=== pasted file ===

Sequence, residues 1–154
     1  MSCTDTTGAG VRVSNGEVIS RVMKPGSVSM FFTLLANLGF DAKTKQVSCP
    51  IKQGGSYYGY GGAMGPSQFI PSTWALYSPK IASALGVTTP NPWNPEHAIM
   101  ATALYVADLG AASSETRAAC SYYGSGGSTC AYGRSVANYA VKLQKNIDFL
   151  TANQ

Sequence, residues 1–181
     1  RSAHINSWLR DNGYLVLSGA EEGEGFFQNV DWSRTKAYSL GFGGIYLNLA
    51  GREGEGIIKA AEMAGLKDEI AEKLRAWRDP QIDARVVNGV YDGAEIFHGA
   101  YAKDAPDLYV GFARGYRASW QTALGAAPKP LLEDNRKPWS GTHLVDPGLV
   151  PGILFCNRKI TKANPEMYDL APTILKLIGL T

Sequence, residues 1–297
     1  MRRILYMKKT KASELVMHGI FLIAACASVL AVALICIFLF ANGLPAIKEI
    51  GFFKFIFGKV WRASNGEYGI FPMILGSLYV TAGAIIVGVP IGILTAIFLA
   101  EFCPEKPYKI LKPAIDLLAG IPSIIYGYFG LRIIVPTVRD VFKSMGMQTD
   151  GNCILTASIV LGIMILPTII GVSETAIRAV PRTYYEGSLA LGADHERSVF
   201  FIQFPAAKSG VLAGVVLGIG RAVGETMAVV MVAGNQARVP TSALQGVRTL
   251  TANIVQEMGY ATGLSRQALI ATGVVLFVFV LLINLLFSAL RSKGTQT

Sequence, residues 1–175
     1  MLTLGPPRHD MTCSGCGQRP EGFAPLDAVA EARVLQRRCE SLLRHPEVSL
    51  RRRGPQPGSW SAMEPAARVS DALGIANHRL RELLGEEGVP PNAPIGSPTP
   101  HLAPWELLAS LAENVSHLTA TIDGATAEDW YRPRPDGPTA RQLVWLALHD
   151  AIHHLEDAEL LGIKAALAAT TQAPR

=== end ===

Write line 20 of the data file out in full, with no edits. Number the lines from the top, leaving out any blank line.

    51  RRRGPQPGSW SAMEPAARVS DALGIANHRL RELLGEEGVP PNAPIGSPTP